Hartley Magazine

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Herbs for winter

I want to make good use of the greenhouse over winter and to that end I have decided to rescue some herbs from the slow autumn slump. Right now all of my herbs are looking pretty good, and it is easy to be fooled into imagining this will go on, particularly when the September days are warm and the nights are balmy. But slump they will, and within a couple of months there will be not a fresh mint leaf or chive blade to be found. Chives don’t stop being useful just because they are out of season, chopped and sprinkled over warm winter salads to give a little oniony herby freshness. Mint I use in teas all year round if I can get hold of it, particularly after the overeating of winter celebration evenings, and I long went off the dusty tea bags of dried stuff.

Image 1 - Sept 2016
Pots of herbs

Making pots of herbs to grow all winter is a fairly simple task. I dug about below the soil and rooted out some clumps of chives and mint along with as much root as I could gather intact. I transferred these to some pots full of fresh soil, settled them in, watered them, and popped them into the greenhouse. The fresh compost will contain more nutrients than the pots they have come out of and combined with this warm weather and the extra protection of the greenhouse I am hoping this will result in a nice flush of fresh growth before everything slows a little later.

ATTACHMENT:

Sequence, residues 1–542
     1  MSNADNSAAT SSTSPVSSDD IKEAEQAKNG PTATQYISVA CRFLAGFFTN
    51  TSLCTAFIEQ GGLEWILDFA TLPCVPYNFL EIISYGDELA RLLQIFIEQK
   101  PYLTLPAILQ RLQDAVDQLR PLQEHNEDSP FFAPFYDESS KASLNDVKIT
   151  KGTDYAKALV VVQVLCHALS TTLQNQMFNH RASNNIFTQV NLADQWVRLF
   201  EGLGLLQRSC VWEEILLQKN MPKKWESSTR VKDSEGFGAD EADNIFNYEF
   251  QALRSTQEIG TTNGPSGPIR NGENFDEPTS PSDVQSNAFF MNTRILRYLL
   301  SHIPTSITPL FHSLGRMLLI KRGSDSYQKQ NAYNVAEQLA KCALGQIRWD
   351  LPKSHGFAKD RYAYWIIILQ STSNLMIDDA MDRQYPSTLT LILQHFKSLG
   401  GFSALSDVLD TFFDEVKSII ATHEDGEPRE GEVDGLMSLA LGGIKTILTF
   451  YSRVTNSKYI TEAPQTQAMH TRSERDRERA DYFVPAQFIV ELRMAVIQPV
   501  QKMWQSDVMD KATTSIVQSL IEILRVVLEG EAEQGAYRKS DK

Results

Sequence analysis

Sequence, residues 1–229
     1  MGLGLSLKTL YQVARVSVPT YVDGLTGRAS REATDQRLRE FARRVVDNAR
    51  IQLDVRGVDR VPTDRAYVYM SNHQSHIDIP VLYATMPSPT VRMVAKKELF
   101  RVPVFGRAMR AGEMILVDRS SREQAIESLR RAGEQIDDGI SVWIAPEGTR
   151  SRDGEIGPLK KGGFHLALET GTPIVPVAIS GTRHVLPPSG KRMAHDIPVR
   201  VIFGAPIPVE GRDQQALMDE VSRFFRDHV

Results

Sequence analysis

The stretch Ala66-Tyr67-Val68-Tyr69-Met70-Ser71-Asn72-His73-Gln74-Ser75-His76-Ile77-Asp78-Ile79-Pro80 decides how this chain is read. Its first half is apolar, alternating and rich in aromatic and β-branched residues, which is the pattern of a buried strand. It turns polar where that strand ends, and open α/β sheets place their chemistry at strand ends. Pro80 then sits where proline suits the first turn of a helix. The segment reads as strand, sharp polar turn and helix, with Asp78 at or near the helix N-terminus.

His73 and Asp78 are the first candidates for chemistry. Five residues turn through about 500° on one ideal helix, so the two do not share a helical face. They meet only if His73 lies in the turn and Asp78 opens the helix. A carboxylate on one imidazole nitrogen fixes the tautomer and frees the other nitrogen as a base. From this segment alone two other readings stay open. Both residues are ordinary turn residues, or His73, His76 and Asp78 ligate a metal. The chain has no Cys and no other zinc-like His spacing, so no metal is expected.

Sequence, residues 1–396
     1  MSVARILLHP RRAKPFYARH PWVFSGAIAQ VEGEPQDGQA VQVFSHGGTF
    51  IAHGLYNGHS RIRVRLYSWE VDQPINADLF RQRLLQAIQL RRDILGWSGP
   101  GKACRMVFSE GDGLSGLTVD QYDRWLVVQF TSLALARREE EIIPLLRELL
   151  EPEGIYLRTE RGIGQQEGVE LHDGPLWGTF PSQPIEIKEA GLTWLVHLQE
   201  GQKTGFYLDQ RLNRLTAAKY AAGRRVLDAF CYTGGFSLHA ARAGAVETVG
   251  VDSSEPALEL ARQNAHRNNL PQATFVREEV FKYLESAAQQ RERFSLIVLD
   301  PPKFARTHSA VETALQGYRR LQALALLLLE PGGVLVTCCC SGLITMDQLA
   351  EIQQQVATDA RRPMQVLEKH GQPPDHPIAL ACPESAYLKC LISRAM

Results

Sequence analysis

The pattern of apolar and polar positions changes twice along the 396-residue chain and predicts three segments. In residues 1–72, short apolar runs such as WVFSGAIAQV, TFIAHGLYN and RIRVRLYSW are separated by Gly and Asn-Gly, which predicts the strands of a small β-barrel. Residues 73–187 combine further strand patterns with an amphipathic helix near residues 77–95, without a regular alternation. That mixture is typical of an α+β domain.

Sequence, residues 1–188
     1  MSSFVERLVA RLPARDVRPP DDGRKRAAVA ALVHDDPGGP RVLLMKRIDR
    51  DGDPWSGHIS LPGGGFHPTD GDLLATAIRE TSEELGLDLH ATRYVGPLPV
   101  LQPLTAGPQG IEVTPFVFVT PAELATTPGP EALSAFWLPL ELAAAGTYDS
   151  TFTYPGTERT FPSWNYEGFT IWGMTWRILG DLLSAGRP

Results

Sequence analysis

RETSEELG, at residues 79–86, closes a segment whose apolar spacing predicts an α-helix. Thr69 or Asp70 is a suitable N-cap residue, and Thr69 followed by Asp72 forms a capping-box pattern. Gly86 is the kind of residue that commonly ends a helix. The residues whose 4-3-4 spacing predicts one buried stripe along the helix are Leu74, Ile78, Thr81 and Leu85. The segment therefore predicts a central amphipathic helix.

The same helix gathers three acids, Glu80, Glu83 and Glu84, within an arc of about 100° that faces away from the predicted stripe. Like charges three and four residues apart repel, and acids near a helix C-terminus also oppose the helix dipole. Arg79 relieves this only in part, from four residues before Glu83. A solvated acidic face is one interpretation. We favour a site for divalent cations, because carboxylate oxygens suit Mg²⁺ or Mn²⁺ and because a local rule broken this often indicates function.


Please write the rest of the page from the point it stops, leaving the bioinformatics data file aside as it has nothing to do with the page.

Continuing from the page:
My greenhouse is unheated all through winter, but as a rule even the unheated stay at around 5C warmer than the outside world, and that can be enough to prevent them from dying back completely, and to keep them growing a little during warmer times. If you don’t have a greenhouse you can absolutely perform this trick on your kitchen windowsill, and in fact during colder snaps I will be bringing mine indoors to grow there. But a little cooler is better, and so out they will go on mild winter days. Keep them watered over winter, not excessively when outside but as well as you would in summer when inside – remember that you do want active growth otherwise you won’t fancy eating the leaves and all of this will have been in vain. Hold back on the watering during cold snaps outside.

Instead or even in addition to doing this you can harvest and store any of your herbs now, in water or oil ice cubes in the freezer. Before they die back and while they are still looking lovely, snip the leaves you want, chop them fine, and pack them into ice cube trays. Go for a mixture, if there is a particular mix of herbs that you like to use regularly, or stick to one type of herb per tray so that you can mix at will later. Next you can either pour water on and freeze as herby ice cubes, or do the same using olive oil, which I prefer as I can then pop a little herby oil into a dish to finish it off, a dose of good extra virgin olive oil being a thing that is rarely unwanted at the end of a dish. Either way, as long as your herbs are looking good now there is no reason to be without home grown herbs later on in the year, with a little help from the greenhouse and the freezer. How fine it will be to pop out to the relative warmth of the greenhouse and pluck a few fresh leaves when all around is frosty and dormant.